by Lisa Grimaldi | March 01, 2008

The number of U.S. incentive travel programs is expected to increase over the next two years, according to a new study of 94 U.S. incentive planners conducted in October by the Incentive Research Foundation in New York City.

While respondents projected increases to both domestic and international destinations, more groups will be staying closer to home. Twenty percent of those polled said the number of domestic incentive trips will increase moderately, while 34 percent said such travel will increase slightly.

For programs outside the United States, 14 percent predicted a moderate increase, and 26 percent projected a slight boost over the next two years. Twenty-seven percent said the number of domestic programs will remain the same, and 22 percent anticipated no change in the number of overseas programs.

When asked to what extent world affairs concerned them in relation to incentive travel, 64 percent of respondents said they are significantly concerned about travel to international destinations, while only 28 percent are significantly anxious about travel within the 50 states.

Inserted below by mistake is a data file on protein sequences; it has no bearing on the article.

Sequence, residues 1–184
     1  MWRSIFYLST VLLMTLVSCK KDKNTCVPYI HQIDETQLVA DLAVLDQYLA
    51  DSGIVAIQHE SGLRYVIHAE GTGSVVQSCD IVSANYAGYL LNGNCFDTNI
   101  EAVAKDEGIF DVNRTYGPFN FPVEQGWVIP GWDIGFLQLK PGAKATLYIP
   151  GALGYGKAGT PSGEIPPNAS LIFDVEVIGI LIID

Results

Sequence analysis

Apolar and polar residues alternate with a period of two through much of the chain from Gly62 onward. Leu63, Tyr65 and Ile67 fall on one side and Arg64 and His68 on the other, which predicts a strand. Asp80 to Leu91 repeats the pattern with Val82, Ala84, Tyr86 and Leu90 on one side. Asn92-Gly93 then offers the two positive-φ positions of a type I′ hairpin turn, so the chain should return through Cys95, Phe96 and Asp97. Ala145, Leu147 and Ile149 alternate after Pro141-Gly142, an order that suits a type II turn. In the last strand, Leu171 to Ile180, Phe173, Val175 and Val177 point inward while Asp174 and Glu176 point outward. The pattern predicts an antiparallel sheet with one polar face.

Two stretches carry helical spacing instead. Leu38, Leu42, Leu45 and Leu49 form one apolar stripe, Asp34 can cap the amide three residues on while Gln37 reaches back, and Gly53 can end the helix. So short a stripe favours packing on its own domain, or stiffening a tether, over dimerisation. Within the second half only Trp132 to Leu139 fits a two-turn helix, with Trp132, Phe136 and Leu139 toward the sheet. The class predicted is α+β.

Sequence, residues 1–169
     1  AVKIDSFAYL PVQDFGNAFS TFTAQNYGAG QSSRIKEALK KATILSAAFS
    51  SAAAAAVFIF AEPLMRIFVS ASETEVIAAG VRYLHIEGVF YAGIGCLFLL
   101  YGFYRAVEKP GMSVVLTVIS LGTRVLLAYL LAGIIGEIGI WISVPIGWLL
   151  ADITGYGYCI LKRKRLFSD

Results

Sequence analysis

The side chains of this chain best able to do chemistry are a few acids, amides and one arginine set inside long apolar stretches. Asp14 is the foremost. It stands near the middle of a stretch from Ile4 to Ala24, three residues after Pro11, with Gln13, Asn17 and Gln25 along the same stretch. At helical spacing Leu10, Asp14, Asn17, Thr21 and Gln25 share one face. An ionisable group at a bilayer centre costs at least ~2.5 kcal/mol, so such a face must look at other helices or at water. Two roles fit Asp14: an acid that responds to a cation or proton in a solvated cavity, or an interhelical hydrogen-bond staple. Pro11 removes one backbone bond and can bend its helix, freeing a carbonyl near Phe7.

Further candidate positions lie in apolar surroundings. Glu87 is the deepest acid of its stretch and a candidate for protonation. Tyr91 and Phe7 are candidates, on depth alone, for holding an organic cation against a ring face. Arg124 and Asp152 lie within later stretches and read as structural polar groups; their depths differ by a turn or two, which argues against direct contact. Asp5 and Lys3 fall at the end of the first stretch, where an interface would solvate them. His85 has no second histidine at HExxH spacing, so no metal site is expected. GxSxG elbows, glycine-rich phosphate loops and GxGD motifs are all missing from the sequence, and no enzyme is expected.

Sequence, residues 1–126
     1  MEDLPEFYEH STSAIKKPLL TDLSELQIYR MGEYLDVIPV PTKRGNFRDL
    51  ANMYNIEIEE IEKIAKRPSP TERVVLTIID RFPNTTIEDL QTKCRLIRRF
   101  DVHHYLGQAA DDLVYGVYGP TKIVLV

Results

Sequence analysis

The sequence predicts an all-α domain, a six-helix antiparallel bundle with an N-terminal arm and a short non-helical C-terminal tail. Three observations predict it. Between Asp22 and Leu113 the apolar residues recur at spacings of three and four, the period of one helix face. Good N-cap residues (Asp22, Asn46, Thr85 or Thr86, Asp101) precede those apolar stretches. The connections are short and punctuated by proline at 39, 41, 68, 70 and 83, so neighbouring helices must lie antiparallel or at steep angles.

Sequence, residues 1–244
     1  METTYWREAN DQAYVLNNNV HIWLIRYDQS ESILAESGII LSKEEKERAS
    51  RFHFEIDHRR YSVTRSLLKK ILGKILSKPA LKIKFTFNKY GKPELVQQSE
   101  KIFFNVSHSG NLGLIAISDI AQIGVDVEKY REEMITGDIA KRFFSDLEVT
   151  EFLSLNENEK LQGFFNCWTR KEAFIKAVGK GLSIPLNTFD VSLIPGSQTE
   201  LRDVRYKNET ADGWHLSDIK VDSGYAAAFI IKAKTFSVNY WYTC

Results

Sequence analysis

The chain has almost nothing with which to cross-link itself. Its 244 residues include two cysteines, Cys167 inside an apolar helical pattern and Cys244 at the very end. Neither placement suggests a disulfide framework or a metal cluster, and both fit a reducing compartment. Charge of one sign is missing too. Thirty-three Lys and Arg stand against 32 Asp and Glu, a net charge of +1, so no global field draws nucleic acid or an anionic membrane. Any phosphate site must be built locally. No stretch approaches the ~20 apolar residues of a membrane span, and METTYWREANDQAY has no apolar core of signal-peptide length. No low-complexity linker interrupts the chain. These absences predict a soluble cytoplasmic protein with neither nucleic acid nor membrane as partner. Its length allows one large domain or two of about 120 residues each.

Respondents said their constituencies (higher-ups, clients) also are concerned (46 percent significantly, 40 percent moderately so) about travel abroad, while they said 27 percent are significantly worried about domestic trips. Among their concerns:

* Security/safety, cited by 50 percent;

* Exchange rate/weakness of U.S. dollar (38 percent);

* Fear of terrorist attack/terrorism (11 percent);

* Deteriorating U.S. reputation abroad (11 percent);

* Lack of trust in airline security (9 percent).